Once a favourite Hawke's Bay destination, Lake Tutira is in a bad way
The shady reserve overlooking Lake Tutira has been a favourite rest stop for generations of travellers making the journey between Napier and Wairoa.
But pull off State Highway 2 beside the picturesque lake these days and you're hit with an offensive odour reminiscent of a milking shed floor before it's been hosed down.
A trip to the water's edge delivers another unpleasant experience. The once-swimable lake is murky and uninviting, and covered in a layer of green slime.
"It's a shame the lake has got to this point," says Hemi Poutu, a Napier resident who has stopped for a break on his journey.
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Poutu, who recalls swimming at Tutira years ago, says he can smell the pollution from several kilometres down the road.
Now signs warn against swimming, or eating fish caught in the lake.
Last month – not for the first time – the Hawke's Bay District Health Board confirmed a toxic bloom at the lake and warned visitors to avoid contact with the water and to keep animals away.
In recent times several instances of mass deaths of trout and eels in the lake have been reported.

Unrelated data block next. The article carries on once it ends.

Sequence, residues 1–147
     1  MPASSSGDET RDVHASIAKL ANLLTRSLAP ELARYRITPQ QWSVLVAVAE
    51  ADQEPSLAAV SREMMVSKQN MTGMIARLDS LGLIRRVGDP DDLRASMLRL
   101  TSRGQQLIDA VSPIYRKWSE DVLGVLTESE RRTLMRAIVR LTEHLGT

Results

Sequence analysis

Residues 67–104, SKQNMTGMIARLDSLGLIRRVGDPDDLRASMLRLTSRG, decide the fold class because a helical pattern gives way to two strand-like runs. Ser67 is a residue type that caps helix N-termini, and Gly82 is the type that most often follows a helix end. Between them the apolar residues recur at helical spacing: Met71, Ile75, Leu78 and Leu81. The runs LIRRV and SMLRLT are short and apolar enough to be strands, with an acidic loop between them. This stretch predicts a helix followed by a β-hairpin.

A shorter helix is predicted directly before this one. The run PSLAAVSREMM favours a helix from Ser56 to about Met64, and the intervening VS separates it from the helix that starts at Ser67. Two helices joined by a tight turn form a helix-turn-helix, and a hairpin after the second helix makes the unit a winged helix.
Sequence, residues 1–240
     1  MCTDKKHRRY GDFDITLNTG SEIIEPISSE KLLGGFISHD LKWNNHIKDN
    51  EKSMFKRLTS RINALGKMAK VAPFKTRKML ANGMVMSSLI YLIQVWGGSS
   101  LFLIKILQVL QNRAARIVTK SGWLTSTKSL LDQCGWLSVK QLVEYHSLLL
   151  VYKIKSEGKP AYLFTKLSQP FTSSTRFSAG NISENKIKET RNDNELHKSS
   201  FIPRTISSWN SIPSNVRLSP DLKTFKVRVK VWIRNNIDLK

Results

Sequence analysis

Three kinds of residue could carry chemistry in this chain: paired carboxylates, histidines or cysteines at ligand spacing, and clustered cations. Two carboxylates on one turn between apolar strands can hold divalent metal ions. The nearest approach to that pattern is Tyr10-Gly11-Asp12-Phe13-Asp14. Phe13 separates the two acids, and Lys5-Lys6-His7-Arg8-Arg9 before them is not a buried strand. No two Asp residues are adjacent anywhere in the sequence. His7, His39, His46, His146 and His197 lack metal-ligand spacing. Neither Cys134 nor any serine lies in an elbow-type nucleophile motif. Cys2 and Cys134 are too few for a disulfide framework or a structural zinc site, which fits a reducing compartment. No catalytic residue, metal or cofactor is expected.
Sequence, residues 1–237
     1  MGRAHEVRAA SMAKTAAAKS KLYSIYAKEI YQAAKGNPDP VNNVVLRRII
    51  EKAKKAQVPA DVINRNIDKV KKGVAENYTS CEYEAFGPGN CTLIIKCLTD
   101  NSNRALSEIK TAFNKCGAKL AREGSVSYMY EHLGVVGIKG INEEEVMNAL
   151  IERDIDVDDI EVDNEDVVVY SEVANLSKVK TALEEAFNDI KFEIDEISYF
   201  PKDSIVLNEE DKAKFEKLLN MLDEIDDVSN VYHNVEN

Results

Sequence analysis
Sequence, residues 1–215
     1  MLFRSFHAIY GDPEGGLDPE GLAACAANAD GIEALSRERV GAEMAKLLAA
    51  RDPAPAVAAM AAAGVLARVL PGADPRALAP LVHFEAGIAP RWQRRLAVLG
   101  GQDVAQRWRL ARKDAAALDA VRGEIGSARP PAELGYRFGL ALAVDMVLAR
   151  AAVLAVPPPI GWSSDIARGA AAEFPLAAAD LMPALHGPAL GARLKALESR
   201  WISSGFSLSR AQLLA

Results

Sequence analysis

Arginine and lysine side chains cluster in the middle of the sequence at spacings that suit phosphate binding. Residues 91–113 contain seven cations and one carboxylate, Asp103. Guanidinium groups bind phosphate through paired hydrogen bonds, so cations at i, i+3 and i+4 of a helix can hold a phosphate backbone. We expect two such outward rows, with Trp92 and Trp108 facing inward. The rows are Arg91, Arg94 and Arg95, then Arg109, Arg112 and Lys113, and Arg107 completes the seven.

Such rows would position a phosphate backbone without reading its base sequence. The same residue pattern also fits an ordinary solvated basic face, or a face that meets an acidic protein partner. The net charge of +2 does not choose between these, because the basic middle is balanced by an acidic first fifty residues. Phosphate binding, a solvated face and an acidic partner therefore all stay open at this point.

One such event, in January last year, was blamed on a combination of high water temperatures and "atypically low" dissolved oxygen levels.
Another spate of eel deaths late last year was thought to be related to the release of ammonia from organic material accumulated on the lake floor.
A number of factors have led to the lake's degradation. It receives runoff from farms in the catchment and appears to be more susceptible to toxic algal blooms after inundations from nutrient-rich flood waters following heavy rain.
Hawke's Bay Regional Council environmental scientist Andy Hicks said the council was working on a strategy to improve water quality in the lake after completing a major ecological modelling project with Waikato University using years of water quality data.
Rather than a "knee-jerk reaction to the latest bloom" the council was looking at long-term solutions including building sediment traps to prevent nutrients entering the lake, Hicks said.
Another option was a "bubbler" that would keep the lake in a "well oxygenated state" and prevent the worst of the blooms.
"We're also going to need a lot of time because this problem didn't happen overnight and it's not going to go away over night."
Fish & Game Hawke's Bay regional manager Mark Venman said the lake was in "a sorry state at the moment" and the organisation was supportive of plans to remedy the problem.
Given last year's fish deaths, Fish & Game had been "hesitant" to continue with its usual practice of releasing yearling trout into the lake but went ahead in October and November because "we wanted some fish in there," Venman said.
Since then there had been no confirmed mass fish deaths due to the conditions and he was hopeful that once once a plan was agreed on to rehabilitate the lake, it would eventually revert to being a good fishing spot.